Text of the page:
The family of the late former Zimbabwean president Robert Mugabe has appointed his daughter, Bona Mugabe-Chikore, as the executor of his estate amid the conspicuous absence of the late politician’s sons during the administration of the estate at the Harare High Court on Thursday.
Unlike South Africa’s first black president, Nelson Mandela who wrote a will in 2004 and amended it in 2008 with instructions to distribute at least US$4,1 million to his family, staff, the ruling African National Congress and former schools, the late Zimbabwean strongman, who died September 6TH in Singapore after a long battle with prostate cancer, did not write a will, according to his family.
Mugabe was toppled in a defacto military coup in November 2017 having ruled the country since independence in 1980.
The Mugabe family lawyer, Terrence Hussein, told VOA Zimbabwe Service that the other children are outside the country but had given written consent that Bona should be appointed executor as per Zimbabwean laws since the late leader did not leave a will.
Former first lady, Grace Mugabe, attended the meeting with the Master of the High Court Eldard Mutasa.
Hussein said, “This is a normal meeting that happens after the death of a person. It is called by the Master of the High Court, and it is called an edict meeting. In that meeting the master sets out the guidelines and parameters of how the estate will be run. He will also appoint an executor who would then do the business of stepping into the shoes of the deceased person and then apportioning how their estate would be wound up and who the beneficiaries will be and how much they will get.”
Hussein confirmed that though Bona had submitted the provisional list of some of the assets left behind by her father, it is going to be a long process. The late president is said to have left behind assets that include US$10 million in cash, 10 cars, a farm, three houses and several housing stands.
Reached by VOA Zimbabwe, Bona Chikore simply said, “No comment.” Other family sources are claiming that the money Mugabe left is only US$7 million.
Former first lady Grace Mugabe is listed as the sole surviving spouse, while Bona, Robert Junior, Bellarmine Chatunga and Russel Gorereza are listed as the surviving children. Russel is the late president’s stepson from the Mrs. Mugabe’s first marriage to Stanley Goreraza.
WHERE ARE MUGABE’S BILLIONS?
A leaked diplomatic cable from the American embassy in Harare in 2001 published by WikiLeaks, a website that functions as a clearinghouse for classified or state secrets, said unverified assets linked to Mugabe amounted to more than US$1 billion in Zimbabwe and overseas.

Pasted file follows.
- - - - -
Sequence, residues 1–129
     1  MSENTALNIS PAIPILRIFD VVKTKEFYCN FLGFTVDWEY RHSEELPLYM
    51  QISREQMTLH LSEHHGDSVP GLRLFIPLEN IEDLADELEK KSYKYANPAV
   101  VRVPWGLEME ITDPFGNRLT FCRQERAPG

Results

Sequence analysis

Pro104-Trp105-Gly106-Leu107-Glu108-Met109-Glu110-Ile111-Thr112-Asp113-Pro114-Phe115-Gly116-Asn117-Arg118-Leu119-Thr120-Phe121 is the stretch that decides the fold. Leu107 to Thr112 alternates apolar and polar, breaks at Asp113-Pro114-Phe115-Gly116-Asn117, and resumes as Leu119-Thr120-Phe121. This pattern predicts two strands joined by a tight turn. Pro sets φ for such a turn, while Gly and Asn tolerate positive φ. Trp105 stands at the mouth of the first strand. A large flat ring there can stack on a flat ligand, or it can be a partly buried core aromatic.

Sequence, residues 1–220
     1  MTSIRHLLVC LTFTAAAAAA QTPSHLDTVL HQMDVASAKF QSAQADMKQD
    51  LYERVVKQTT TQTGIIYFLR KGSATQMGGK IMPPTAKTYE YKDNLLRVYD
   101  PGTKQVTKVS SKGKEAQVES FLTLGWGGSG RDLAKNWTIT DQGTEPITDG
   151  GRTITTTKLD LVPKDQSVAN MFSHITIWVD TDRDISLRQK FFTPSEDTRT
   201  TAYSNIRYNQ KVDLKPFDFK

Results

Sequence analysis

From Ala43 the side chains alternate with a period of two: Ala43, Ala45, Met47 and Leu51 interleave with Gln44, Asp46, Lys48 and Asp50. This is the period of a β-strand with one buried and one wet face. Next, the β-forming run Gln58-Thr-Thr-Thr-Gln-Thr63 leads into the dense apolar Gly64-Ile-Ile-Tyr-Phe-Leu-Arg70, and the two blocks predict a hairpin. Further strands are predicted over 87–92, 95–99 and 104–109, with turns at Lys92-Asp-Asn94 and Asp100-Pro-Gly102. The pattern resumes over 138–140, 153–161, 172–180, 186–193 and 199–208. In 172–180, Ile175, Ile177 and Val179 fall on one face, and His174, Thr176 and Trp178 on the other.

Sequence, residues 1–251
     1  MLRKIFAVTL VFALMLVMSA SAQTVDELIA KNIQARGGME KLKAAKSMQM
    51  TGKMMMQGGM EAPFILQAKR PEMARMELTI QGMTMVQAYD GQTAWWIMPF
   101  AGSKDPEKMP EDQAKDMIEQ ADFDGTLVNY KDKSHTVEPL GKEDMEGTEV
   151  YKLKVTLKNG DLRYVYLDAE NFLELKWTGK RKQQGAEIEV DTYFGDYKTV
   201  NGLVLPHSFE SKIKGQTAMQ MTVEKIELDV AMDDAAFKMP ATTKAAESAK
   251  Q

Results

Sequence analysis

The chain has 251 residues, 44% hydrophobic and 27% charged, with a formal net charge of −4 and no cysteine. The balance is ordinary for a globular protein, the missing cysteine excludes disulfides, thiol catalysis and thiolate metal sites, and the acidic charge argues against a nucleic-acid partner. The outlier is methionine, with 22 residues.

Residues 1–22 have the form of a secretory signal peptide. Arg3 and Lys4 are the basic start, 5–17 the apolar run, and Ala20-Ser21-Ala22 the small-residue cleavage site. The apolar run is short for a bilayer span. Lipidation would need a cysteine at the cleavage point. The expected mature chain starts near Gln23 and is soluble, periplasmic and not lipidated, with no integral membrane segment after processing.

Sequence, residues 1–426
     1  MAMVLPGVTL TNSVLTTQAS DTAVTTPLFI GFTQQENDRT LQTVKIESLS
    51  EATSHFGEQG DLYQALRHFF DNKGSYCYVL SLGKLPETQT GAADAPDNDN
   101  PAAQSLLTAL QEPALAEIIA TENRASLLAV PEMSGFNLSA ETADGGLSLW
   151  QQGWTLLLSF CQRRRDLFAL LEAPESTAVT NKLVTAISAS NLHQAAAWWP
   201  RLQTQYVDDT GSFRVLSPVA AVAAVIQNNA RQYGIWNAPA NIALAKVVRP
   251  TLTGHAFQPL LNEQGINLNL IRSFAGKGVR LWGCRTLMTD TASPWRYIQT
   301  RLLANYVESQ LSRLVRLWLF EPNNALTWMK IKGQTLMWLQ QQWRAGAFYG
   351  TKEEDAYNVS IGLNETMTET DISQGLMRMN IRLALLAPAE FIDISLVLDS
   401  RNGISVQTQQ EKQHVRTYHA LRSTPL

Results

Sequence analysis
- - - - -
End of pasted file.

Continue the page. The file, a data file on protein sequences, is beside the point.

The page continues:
The cable read: “The full extent of President Mugabe’s assets are unknown, but are rumored to exceed US$1 billion in value, the majority of which are likely invested outside Zimbabwe. Inside Zimbabwe, the bulk of Mugabe’s assets are reported to be in the form of real property -- he and his wife have six residences, including a multi-story mansion still under construction in Harare, in addition to a number of farms around the country.”
A lawsuit filed in Singapore also provided a small glimpse into the wealth of the Mugabe’s. A villa was bought in 2008 by a company called Cross Global and sold in 2010 to a Taiwanese-born South African Hsieh Ping Sung believed to have been a one-time Mugabe confidant and front. The Mugabes sued both Cross Global and Hsieh in 2014 claiming ownership, arguing in court papers that the businessman was just a front. The Mugab’s also admitted to buying another house in neighboring South Africa.
When Washington and the European Union imposed targeted sanctions on him, Mugabe openly challenged them to seize any of his assets outside, saying he had none. Mrs. Mugabe also told party supporters in 2015 that her husband was a man of little means who was just passionate about the suffering of Zimbabweans.
BLUE ROOF MANSION
The Mugabes’ most prized asset is the so-called Blue Roof Mansion located in Borrowdale Brooke, Harare. A then Yugoslavia-based company, Energoproject, constructed the 25-bedroomed house. The architectural design is Chinese. In 1999, the ruling Zanu-PF party bought the 12-hactare plot and donated it to Mugabe for his retirement home. The Mugabes later bought out and forced out some five families at adjacent properties to construct the mansion.
When Mugabe died, it emerged that the property was still listed in the name of the ruling Zanu-PF party.